As the conversational pendulum swings, we will end up in a hybrid future. This hybrid future will see a significantly larger share of employee populations with access to flexibility and choice in location, and an increased emphasis on driving higher levels of employee experience and engagement through workplace design and strategy.
The hybrid work experience will center on trust. Employees will be trusted to choose the place where they are most productive, allowing workforces to fluidly consume workspaces. Companies will look to create places and strategies that build trust among their employees, allowing distributed teams to work more effectively.
Portfolio Strategies to Unlock Funding for Experience
Interacting face to face remains the best way to build trust among teams. If trust is the currency of team productivity and culture, organizations with distributed teams will need to be richer in trust than ever before. As we accept that in-person interaction will happen less frequently, we’ll need to make sure those interactions are impactful and rich in experience.
The funding for improved experience may come through organizations’ efforts to rebalance their portfolios. Real estate costs associated with their fixed assets are likely to decrease. Smart and progressive organizations will be wise to reinvest those savings into drivers of team productivity and employee experience.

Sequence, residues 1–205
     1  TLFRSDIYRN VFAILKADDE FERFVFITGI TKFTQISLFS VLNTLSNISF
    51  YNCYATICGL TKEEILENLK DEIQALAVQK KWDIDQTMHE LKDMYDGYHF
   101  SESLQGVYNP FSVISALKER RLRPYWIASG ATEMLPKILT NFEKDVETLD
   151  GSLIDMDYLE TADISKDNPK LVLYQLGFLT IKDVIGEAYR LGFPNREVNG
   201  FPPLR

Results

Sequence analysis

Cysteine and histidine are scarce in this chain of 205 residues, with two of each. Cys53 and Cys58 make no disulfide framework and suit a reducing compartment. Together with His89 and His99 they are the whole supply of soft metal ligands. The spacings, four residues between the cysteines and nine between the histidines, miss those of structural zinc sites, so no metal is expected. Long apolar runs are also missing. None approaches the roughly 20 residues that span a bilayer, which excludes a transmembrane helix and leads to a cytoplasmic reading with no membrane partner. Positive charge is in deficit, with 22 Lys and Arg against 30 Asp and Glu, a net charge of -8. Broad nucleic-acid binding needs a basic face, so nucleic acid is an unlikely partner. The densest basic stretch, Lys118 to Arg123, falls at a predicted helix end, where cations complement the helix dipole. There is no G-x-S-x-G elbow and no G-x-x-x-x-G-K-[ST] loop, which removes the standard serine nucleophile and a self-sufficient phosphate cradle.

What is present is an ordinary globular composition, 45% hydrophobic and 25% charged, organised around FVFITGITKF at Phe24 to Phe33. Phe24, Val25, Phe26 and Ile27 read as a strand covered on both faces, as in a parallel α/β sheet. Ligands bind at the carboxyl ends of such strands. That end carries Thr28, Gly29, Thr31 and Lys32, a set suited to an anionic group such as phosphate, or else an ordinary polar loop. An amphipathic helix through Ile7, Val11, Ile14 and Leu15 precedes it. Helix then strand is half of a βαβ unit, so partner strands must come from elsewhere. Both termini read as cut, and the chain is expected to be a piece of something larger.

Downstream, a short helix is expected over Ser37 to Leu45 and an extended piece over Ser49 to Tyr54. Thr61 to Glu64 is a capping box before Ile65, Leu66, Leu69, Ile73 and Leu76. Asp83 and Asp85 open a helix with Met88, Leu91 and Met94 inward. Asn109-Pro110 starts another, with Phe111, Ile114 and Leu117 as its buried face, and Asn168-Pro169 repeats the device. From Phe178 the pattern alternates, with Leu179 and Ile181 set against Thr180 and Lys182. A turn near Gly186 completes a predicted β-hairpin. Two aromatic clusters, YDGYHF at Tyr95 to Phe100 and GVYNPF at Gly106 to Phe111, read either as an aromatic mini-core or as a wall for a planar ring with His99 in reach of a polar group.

While fixed assets will remain a core component, organizations will want to diversify their real estate portfolios by making flexible space a structural component of their strategy.
I’ve always liked the analogy of the energy grid to describe the role of flexible workspace. Utilities produce base load energy which serves to fulfill the 24/7 demand across the grid, while turning on and off more lightweight production sources to fulfill peak demand. Large organizations will apply similar logic for their fixed assets and flexible arrangements.
We’ve already seen the beginnings of a fundamental shift in the market. Companies who were already bought into a flex solution are now exploring options to expand their strategies to get even more creative with their real estate portfolios. Companies who’ve never considered flex are looking to learn about how we can help them build flexibility into their portfolios without sacrificing quality and employee experience.
Workplace Strategy to Support Hybrid Work Day
The hybrid work day will focus on engagement, collaboration, and innovation, all of which depend on high levels of trust among and between teams. We build relationships with people at work to trust they are productive members of the team. Designs will focus on teamwork over individual work and higher end experiences will be deployed to attract employees to the office.